Safety Pointers and Helpful Hints for a First Time Driver
Being behind the wheel for the first time can be scary, not only as a driver but also as a parent or educator. Vehicles are heavy and dangerous, and being a driver for the first time should be taken very seriously. It isn’t always second nature to be educators either. I remember my first time driving with my mother. She would, out of impulse, slam on her imaginary brake from the passenger seat. So, what do we need to know before being both the driver and the educator? This article will go through some tips for first-time drivers and the people teaching them how to drive.
Before even getting into the car, it’s important to be in the right mindset. You don’t want to be an overconfident or an insecure driver – cautiously aware is the sweet spot. It’s important that the driver is calm and ready to listen to instruction, especially when the car is in motion. Learning before the car is even in motion is a good place to start. Know where everything is including the gas, the brake, the side and rear view mirrors, as well as what everything means (stop signs, yield signs, green lights, yellow lights and red lights) is crucial as a first time driver. It’s also important to make a game plan for if something urgent happens and what the driver should be doing in those situations. Urgent situations can happen without warning and having a plan in mind will help when in those situations.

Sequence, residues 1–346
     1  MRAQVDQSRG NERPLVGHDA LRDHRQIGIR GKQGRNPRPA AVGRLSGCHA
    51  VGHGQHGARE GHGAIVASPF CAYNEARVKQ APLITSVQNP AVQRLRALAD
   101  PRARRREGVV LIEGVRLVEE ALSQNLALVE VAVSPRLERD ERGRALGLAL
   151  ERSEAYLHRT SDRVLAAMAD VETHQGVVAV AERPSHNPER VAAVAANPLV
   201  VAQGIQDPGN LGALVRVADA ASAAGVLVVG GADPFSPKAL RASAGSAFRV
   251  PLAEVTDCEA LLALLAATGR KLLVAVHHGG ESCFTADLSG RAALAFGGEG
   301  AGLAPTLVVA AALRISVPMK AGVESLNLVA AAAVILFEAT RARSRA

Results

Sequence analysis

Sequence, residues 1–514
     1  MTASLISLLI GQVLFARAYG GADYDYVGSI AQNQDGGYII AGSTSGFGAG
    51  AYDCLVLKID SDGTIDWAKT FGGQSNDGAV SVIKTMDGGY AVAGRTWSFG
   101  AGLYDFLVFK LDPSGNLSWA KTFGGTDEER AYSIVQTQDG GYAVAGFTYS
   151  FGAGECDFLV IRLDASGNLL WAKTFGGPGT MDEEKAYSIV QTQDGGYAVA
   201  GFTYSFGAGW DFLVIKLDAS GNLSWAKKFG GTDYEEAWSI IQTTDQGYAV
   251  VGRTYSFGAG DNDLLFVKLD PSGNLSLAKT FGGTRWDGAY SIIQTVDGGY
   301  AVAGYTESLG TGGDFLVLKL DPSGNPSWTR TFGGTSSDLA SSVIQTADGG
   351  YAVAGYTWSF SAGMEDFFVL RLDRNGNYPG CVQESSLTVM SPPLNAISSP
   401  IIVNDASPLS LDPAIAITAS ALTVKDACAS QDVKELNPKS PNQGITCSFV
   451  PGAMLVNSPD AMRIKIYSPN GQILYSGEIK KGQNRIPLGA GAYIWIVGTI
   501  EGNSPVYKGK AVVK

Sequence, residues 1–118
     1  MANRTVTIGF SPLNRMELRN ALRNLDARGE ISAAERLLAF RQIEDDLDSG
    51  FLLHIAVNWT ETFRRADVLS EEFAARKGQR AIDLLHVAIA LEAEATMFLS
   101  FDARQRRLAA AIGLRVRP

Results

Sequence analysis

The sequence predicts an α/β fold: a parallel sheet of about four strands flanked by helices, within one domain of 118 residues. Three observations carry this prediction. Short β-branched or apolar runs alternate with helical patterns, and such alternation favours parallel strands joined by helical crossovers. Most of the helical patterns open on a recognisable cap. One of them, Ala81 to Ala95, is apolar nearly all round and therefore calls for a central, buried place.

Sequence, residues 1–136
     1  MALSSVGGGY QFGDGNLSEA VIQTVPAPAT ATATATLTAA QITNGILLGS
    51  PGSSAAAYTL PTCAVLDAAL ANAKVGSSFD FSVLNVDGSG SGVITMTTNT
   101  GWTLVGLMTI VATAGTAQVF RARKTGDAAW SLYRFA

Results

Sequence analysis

Consider reading the user manual of the car as well. Not all vehicles are the same, so knowing how the vehicle works will help. It’s also a good habit to get into when there are a couple different vehicles involved in the learning and, ultimately, driving process. The user manual is usually kept in the glove box. It’s a good idea to understand the manual workings of the vehicle, but also what all the lights within the it mean. Having a gas light come on mid-drive is no reason to panic, but a new driver may not know this. Getting familiar with the vehicle’s system is a good place to start.
If the new driver is a particularly anxious person, teaching them breathing techniques will help. First try taking deep breaths, exaggerating the exhale. If that does not work try taking a 4 second inhale, hold for 2 seconds and then a 6 second exhale, and repeat. This will help steady the heart and reduce anxiety.
Next, you want to get into the car and make sure that everything is set appropriately. The seat should be comfortable and upright, with easy access to the gas and brake without being too close. The steering wheel should be set at a level that is easy for “10 and 2” holding (this is when you imagine the steering wheel as a clock, placing your left hand at where the 10 would be and your right hand at where 2 would be). It should also be low enough that the driver can see above the wheel, but not so low that the wheel rests on the driver’s legs. The side view mirrors should be set so the driver can see out of them properly and the rearview mirror should be low/high enough to see the road too. Some vehicles also have seat adjustments that allow the driver to adjust the height. This can be adjusted as long as it doesn’t take away optimal control of the petals. The height adjustment is good for shorter drivers.